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Heart Failure Clinic, Observation Unit opened in 2018

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Heart Failure Clinic, Observation Unit opened in 2018

Heather Byars (left), office assistant, and Emily Costolnick, RN, clinical manager of the Heart Failure Clinic. / Floyd Medical Center

In 2018, Floyd Medical Center added two new services to help improve the already strong health care it provides to the community. These services included an Observation Unit inside the hospital and a Heart Failure Clinic to monitor patients with heart failure once they have been discharged from the hospital.

The 11-bed Observation Unit on the fifth floor of the hospital is a dedicated short-stay unit where health care providers can place a patient in an active, short-term setting to determine if the person needs to stay longer the hospital or can safely go home. Observation patients typically stay 1 to 2 days with the goal for most patients being 24 hours or less.

While in the unit, a patient receives monitoring, laboratory work and diagnostic testing to help providers determine the best plan of care for a patient.

Keri Bush is Clinical Manager of the Observation Unit. She says that there are many types of problems that support the need for a short period of observation. “We see patients with symptoms that usually can resolve in 24 to 48 hours or that are in a situation where there isn’t a clear directive to admit to an inpatient bed,” said Bush.

“Common problems seen in our unit include nausea and vomiting, stomach pain, shortness of breath, dehydration, chest pain and high blood pressure. The intent is to allow providers additional time past the Emergency Care Center evaluation to decide whether to discharge home or admit a patient,” said Bush.

While patients are on the unit, vital signs, such as pulse, blood pressure, temperature and respiration rate, are taken every four hours. Laboratory blood work is drawn periodically, and every morning a nurse and the nurse practitioner will round together and discuss the plan of care and test results, and answer any questions.

“We found that the majority of patients truly appreciated an environment that was focused on getting them out the door if they were safe to go home,” said Bush.

The Observation Unit cared for over 2,100 patients in 2018.

The Heart Failure Clinic opened in June 2018. Located in the 330 Physicians Center next to Floyd Medical Center, the goal of the clinic is to help patients manage their heart failure on an outpatient basis rather than having to be admitted to the hospital.

Heart failure is when the heart is not strong enough to circulate blood throughout the body or to adequately pump out the blood that has been returned to the heart. Although there is no cure for heart failure, its symptoms can be managed.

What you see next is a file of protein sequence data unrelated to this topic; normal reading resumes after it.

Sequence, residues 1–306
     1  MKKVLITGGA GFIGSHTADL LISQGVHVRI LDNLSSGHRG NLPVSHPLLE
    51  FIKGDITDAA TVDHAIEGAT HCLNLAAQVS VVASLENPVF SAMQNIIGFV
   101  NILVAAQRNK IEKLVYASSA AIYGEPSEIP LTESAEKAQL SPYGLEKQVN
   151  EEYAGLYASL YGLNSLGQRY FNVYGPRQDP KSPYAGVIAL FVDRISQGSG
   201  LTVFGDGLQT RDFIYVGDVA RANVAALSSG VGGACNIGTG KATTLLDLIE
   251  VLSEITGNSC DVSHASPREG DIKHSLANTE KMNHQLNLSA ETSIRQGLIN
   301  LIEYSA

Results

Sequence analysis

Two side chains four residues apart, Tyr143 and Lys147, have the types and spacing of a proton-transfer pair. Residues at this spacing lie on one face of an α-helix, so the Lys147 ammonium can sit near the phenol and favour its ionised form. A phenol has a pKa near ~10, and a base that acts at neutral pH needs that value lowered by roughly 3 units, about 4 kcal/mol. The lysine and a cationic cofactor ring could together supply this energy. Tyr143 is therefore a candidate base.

The most common symptoms of heart failure include problems breathing; swelling in the legs, ankles, feet, and stomach area; and unusual tiredness.

Heart failure is one of the most common reasons people age 65 and older go into the hospital.

“We provide patients with education and resources, so they can learn how to manage the symptoms, rather than allowing the symptoms to manage them,” said Emily Costolnick, clinical manager of the Heart Failure Clinic. “Our main goal is to keep patients out of the hospital. We want to keep patients at home in their own bed,” said Costolnick.

“We help patients understand the importance of daily weight checks. Weight gain can be one of the first signs of fluid buildup, which can lead to other problems. We also educate them on sodium and fluid restrictions and give suggestions for whatever they are struggling with,” said Costolnick. In addition, the clinic provides lab work and medication management.

Patients are seen by Dr. Himanshu Patel, a cardiologist with Harbin Clinic who serves as medical director, and Marenda Russell, a nurse practitioner with Harbin. These providers develop individualized treatment plans for each patient.

Statistics show that patients who can manage and treat their heart failure at home with the help of clinic staff have fewer hospital stays.

“Since the Heart Failure Clinic opened, we have seen 180 patients, and this number continues to grow daily. There has been a steady downward trend in heart failure readmissions to the hospital since July 2018. In November and December 2018, those readmission rates were below 5 percent,” Costolnick said.

“We’ve had patients who, when they were first seen at the clinic, were in a wheelchair and on oxygen, and it’s all they can do to get to the clinic. Now they are walking down here, and they are not on oxygen. They are actually able to do stuff. We have patients who were in the hospital at least once a month or more often, and now they haven’t been in the hospital in a couple of months, and they are going to the gym and doing physical activity almost daily,” said Costolnick.

Patients must be referred to the Heart Failure Clinic either by providers during a hospital stay, or by their primary cardiologist or primary care provider.

The clinic is located in Suite 103 on the first floor of the 330 Physicians Center and is open Monday through Friday.

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